King Duncan of Scotland
Duncan is a mature and effective king who rules Scotland during a time of political upheaval and turmoil. He is too old to command the armies himself and his sons are too young and inexperienced to fight in wars, but he has several great captains under his command, which allows him to remain in power. Those that remain loyal to him do so because they see that his rule is divinely sanctioned. When Macbeth hesitates in his decision to assassinate Duncan, the reason is that he fears Duncan's "virtues / Will plead like angels, trumpet-tongued against the deep damnation of his taking-off" (I.vii.17-18) - that the very heavens will object to the murder of a king so holy. It turns out that Macbeth's fears are justified - on the night of his murder, chimneys are blown down, the earth shakes, owls scream and kill falcons, and horses run wild and eat each other.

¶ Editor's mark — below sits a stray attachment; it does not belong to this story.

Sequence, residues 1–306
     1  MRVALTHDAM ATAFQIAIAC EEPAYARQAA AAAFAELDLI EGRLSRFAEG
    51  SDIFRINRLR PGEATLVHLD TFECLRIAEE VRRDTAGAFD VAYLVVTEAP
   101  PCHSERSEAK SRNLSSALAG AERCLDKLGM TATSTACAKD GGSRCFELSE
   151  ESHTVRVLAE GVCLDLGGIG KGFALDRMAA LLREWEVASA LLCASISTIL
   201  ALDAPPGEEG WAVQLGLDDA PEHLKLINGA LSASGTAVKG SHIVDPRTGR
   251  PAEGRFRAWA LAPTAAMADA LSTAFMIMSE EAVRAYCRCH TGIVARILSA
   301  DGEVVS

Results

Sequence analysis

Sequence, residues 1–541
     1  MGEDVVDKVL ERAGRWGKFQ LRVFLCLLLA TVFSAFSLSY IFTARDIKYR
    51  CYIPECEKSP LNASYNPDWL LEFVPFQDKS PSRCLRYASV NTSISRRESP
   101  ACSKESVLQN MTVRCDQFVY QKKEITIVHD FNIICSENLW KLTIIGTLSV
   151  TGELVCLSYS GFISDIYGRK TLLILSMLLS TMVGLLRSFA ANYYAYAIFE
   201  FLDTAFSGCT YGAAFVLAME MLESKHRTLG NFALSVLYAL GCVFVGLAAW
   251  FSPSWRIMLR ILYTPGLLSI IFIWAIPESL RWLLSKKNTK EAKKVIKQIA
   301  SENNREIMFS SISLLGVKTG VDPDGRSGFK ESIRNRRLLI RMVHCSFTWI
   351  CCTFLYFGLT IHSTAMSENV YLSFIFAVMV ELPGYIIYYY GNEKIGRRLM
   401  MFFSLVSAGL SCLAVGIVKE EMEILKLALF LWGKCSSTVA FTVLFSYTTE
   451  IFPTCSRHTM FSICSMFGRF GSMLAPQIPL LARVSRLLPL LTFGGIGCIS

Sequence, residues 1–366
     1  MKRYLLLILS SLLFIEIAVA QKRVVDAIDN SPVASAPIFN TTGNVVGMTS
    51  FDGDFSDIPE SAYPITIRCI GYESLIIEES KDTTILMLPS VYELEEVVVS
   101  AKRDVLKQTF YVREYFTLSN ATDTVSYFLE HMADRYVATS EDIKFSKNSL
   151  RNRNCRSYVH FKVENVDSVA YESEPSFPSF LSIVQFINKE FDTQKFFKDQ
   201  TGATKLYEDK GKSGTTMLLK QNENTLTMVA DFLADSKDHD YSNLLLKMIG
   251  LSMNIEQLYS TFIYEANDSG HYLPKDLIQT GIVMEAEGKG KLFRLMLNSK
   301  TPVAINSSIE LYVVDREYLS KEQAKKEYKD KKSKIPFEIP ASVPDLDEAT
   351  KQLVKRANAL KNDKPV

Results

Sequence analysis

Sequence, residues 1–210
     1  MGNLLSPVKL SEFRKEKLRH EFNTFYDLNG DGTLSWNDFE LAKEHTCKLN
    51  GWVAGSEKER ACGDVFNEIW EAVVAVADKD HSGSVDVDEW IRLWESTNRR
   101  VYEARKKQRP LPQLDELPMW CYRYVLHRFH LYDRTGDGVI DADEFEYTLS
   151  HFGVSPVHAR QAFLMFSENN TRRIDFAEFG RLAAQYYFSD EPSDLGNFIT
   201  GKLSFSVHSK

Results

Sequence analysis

The elder son of King Duncan, Malcolm is named the Prince of Cumberland and heir apparent early on in the play. After his father is murdered at Macbeth's castle, he and his younger brother, Donalbain, decide to split up and flee for safety because they will probably be the next targets of the murderers. Although they are safe abroad (Malcolm in England, Donalbain in Ireland), they are not at home to defend themselves against accusations by the Scottish thanes (the equivalent of English earls), that they murdered their own father for the crown. In time, it becomes clear that Macbeth perpetrated the regicide on Duncan, and Macduff seeks out Malcolm in the English court to return to Scotland to claim his birthright and rescue them from Macbeth's tyrannical rule. Malcolm has since been prospering in the English court of Edward the Confessor, a figure remarkably similar to Duncan, and he has learned much about politics and warfare. By the time Macduff comes looking for him, he has already enlisted the aid of Siward, Earl of Northumberland, who... [continues]
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